The outside story
Some estimate as many as forty women have gone missing along the Highway of Tears corridor in thirty years.
August 23rd, 2016
Now private eye Ray Michalko has written a book about it.
Officially, over the last four decades, at least nine young women have been murdered or gone missing along the seven-hundred-kilometer stretch of road between Prince George and Prince Rupert known as the Highway of Tears.
Now ex-RCMP cop turned old school gumshoe private eye Ray Michalko has documented his decade-long efforts to unlock the secrets of these missing women’s lives and those nine unsolved cases for Obstruction of Justice: The Search for Truth on Canada’s Highway of Tears (Red Deer Press 2016).
The title is drawn from his own difficulties with the RCMP. He says, “at one point the RCMP sent me a letter suggesting that if I didn’t stop investigating the Ramona Wilson case and a number of others, I would face an obstruction of justice charge.”
Recently Michalko told Frank Peeples of the Prince George Citizen that his spate with the RCMP brass has been smoothed over. “The men and women in the RCMP out on the road I have no problem with,” he said. “In fact, those members and I have a lot of conversations together as part of my work and their work. It was some of the bosses in Vancouver that caused the problems I kept running into.”
There were seven cases of murdered or missing women along the highway when Michalko started his own sleuthing into the tragic conundrum. The RCMP has since added similar cases from Highways 97 and 5, as well as from Northwest Alberta, raising the number of missing women under investigation to eighteen. Some have suggested more than thirty women could be included in the scope of the ongoing inquiry.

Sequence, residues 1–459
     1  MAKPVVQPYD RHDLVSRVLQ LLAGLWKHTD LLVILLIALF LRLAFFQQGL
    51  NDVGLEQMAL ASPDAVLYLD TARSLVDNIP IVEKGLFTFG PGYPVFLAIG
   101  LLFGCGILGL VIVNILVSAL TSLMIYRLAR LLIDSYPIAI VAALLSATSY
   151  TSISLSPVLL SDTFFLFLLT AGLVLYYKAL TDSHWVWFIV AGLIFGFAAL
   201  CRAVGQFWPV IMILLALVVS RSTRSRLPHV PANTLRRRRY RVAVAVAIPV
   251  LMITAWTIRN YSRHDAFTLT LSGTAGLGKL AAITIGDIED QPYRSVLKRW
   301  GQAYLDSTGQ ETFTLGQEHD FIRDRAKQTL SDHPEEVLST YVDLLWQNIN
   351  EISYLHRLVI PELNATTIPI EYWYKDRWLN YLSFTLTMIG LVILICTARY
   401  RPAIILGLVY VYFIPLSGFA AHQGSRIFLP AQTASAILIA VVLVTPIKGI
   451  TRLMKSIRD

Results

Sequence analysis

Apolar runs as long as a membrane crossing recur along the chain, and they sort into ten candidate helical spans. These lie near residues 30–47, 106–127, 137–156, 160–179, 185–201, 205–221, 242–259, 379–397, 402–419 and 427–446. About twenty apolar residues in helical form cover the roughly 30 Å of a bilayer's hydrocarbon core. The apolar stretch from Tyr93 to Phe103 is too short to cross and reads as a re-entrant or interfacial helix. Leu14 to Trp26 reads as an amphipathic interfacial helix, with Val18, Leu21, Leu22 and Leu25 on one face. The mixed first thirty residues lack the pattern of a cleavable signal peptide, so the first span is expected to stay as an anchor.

Thus far, Michalko says he will not participate in a national inquiry into Murdered and Missing women, saying “I haven’t got a lawyer, and you would need one to take part in something like that.” This stance could make him vulnerable to allegations from the public that his book enables him to benefit from the tragic disappearances. Michalko has received some payment for his investigations, but much of the time he has been conducting his own inquiryon his own dime.
This year, according to Prince George reporter Elaine Macdonald-Meisner, Michalko has continued to work on the cases involving Nicole Hoar, Leah Alishia Germaine, Roxanne Thiara and Alberta Williams.
“I keep getting tips,” he told her, “and I think as long as I am getting them, I am obligated to follow them up. My gut feeling though, is that unless someone knocks on a police officer’s door and says ‘I did it’, that these cases are probably never going to get solved.”
Thus far 33 recommendations have arisen from the Highway of Tears Symposium that followed the death of 14-year-old Aielah Saric Auger who was dumped on the side of the highway just west of Prince George in the winter of 2006 but no arrests have been made ten years after her body was found.
The first, self-published thriller by Lin Weich of Quesnel, Strength of an Eagle, was inspired by the disappearances of women along the Highway of Tears and the drug smuggling problems in Northern B.C. A young sea kayaking guide named Maya battles for her freedom after she is discovered in the wilderness by members of a drug cartel who force her to cook and clean in a fish camp, enduring beatings.
Similarly, the social trauma of the missing women from the Highway of Tears is reflected in Adrianne Harun’s debut novel, A Man Came Out of a Door (Penguin 2014). Adrianne Harun teaches at the Rainier Writing Workshops, an MFA program at Pacific Lutheran University.
Marie Clements’ original, Aboriginal blues/rock multi-media musical The Road Forward was partially conceived to recognize the Native women missing and murdered on the Highway of Tears and Vancouver’s Downtown Eastside.